Washington University Law Review
This essay focuses on the relationship between academic weblogs, or blogs, and journalism. I see academic blogs as a form of what I called in a separate paper “amateur journalism.” This comment focuses on the type of writing that is both most distinctive to scholars and connects most closely with professional journalism—that is, scholars’ use of blogs to engage with the public. Part I reviews the distinction between amateur and professional journalism and describes types of academic blogs. Part II focuses on “publicly engaged academic posts,” or PEAPs, and discusses the changes these blogs may bring to professional journalism.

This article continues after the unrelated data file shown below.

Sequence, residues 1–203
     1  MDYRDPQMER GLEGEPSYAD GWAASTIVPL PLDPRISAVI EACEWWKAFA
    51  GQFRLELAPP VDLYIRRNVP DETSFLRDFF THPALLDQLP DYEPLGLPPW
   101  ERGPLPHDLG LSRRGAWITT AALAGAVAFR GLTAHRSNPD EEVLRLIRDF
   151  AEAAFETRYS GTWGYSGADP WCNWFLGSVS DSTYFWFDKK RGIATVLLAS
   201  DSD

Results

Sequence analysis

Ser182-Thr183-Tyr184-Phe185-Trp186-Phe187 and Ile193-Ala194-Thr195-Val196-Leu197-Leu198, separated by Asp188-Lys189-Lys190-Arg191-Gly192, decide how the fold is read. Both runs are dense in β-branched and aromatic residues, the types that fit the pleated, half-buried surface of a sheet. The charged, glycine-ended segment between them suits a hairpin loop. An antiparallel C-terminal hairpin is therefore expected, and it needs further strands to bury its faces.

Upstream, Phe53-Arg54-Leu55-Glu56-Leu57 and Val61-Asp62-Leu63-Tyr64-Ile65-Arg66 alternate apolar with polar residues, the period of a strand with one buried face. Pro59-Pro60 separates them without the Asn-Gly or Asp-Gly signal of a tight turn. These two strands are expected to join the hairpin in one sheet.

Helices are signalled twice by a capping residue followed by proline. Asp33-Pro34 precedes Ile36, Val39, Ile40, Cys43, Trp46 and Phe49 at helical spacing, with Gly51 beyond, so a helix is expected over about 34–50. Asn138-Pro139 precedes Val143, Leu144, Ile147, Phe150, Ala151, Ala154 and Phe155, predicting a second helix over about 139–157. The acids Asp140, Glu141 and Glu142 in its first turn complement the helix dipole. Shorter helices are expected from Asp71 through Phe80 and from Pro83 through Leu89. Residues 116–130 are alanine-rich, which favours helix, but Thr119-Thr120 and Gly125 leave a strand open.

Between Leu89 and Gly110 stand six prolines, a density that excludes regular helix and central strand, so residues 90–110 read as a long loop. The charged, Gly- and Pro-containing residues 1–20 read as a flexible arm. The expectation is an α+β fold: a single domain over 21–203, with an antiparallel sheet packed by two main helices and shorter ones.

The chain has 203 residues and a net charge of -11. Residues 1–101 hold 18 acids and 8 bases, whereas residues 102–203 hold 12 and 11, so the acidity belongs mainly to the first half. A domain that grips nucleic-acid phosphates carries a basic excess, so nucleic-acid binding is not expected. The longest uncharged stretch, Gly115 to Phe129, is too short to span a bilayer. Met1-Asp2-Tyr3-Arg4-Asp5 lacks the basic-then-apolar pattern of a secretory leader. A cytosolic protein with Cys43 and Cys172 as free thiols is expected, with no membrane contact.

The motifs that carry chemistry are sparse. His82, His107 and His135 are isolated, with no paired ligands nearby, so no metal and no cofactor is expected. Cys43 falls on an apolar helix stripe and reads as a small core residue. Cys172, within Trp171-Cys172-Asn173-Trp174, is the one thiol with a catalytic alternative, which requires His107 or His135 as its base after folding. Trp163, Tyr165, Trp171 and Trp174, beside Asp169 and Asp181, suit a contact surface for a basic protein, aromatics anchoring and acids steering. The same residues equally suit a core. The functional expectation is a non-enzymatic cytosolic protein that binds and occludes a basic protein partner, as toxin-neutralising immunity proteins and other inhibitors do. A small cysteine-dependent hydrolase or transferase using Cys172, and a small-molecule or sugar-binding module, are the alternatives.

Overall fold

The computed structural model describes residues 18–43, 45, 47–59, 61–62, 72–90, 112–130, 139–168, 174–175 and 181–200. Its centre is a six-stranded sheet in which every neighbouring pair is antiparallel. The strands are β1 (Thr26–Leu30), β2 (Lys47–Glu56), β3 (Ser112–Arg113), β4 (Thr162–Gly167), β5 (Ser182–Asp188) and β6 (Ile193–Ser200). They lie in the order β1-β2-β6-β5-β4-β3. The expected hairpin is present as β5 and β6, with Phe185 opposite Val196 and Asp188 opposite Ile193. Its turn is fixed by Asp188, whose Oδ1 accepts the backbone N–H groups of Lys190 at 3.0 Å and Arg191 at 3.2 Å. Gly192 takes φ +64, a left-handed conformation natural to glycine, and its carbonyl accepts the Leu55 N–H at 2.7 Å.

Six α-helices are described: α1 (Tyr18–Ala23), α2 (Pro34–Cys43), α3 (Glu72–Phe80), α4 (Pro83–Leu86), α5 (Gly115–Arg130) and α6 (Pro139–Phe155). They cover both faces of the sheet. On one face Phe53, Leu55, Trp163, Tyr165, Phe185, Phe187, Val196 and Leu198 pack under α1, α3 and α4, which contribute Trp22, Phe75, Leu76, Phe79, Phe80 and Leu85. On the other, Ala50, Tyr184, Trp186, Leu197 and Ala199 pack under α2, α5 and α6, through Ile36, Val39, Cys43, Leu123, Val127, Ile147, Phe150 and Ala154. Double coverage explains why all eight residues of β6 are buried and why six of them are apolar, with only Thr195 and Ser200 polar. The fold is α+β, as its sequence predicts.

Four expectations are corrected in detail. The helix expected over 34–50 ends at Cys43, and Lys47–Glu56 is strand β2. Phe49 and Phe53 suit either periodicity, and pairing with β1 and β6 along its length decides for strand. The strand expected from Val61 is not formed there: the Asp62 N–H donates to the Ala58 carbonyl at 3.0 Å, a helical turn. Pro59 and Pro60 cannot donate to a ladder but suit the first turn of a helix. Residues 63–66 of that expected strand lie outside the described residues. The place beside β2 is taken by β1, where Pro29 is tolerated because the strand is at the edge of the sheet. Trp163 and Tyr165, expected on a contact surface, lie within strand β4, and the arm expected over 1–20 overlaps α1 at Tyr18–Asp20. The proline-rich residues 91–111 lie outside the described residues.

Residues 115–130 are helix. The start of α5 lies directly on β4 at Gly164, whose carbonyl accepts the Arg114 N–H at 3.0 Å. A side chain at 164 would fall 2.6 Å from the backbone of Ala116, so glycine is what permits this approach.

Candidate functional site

Larry E. Ribstein,
The Public Face of Scholarship,
84 Wash. U. L. Rev. 1201
Available at: http://openscholarship.wustl.edu/law_lawreview/vol84/iss5/18